For some time we have been wanting to write an update on Brexit negotiations. When the UK will indeed exit the EU, there may well be some changes for both UK (non-EU) citizens and vice-versa for Italian citizens in the UK (e.g. visa, permit of stay, etc.). Despite growing impatience with the pace of negotiations, it may well take more than the remaining year and a half left for finalizing a Brexit deal.
For some time here at Vademecum Italia we have been wanting to write an update on Brexit negotiations. The reason for the delay has simply been not knowing what to write. It seems that so much has been said but so little progress has been made.
There may be several reasons for P.M. Theresa May’s inability to move Brexit negotiations forward. Politicians on both sides of the aisle seem to have their motives for undermining Mrs. May’s success. A recent Independent poll found that a majority of Brits now favor remaining in the UK. Leaders such as Sadiq Khan and Tony Blair have suggested the possibility of a second referendum. Some even hint that EU leaders may want a punitive outcome to negotiations. Whatever the cause, it seems that negotiations are proceeding slowly.
According to a recent CNN report, some progress has been made in negotiations regarding citizens’ rights. This is certainly the most pressing matter for the thousands of EU citizens living and working in Britain as well as British citizens abroad in the EU. Although many believe not a lot will actually change after the UK leaves the EU, this is one of the main stepping stones which must be surpassed in order to reach an agreement.
Another more difficult problem –as with any ‘divorce’–is the economic question. How much will the UK have to pay to leave the European Union? This appears to be the major stumbling block and point of contention.
Another issue at hand for Britain is that of converting EU regulations into UK laws. Little or no progress has been made in this area. Unless the necessary measures are taken, Britain would lack many laws, including labor protection laws, at such a time as it does actually leave the union.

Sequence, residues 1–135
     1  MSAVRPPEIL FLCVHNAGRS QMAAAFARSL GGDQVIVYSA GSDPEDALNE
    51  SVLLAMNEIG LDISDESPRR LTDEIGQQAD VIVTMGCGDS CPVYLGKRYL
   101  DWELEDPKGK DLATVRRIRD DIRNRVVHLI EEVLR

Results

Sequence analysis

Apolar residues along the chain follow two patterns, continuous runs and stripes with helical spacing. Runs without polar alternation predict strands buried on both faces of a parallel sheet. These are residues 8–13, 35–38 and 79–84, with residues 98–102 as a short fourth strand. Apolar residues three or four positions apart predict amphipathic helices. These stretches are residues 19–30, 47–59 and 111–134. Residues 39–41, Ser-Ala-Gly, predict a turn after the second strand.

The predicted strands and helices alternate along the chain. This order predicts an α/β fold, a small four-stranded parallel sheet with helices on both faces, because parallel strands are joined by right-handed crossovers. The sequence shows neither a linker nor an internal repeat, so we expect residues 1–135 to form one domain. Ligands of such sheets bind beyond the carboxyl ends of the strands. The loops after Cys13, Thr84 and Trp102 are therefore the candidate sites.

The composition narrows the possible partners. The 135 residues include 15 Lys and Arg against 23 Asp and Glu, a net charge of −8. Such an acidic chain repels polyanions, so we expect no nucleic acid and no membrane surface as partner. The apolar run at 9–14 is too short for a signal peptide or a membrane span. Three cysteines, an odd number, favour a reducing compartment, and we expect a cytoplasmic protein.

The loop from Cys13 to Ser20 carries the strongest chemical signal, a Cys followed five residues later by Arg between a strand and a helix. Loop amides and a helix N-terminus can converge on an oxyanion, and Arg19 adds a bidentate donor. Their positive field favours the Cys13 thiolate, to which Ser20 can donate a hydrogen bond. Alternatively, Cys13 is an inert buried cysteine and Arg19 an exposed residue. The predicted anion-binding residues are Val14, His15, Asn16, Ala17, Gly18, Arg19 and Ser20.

Despite growing impatience with the pace of negotiations, it may well take more than the remaining year and a half left for finalizing a Brexit deal. This possibility lead London Mayor Sadiq Khan to comment that not reaching a deal on time would lead the UK economy to ”fall off a cliff.” Some business leaders are also calling for a Brexit deal to be made as soon as possible as firms need to make decisions which have consequences for jobs and investments. Labour MP Chuka Umunna, who is part of the Open Britain campaign which favors close EU ties, noted that business groups ”are alarmed by the Government’s lack of progress.”
In the midst of this pessimism, a more positive chord was recently struck by German Chancellor Merkel. Despite commenting that she is not clear on what has happened so far, she encouraged British citizens to be optimistic, not too critical, and predicted that an agreement will be reached on time.
Sharing in Chancellor Merkel’s optimism, we at Vademecum Italia hope that there will be more concrete information to pass along to our readers in our next Brexit update.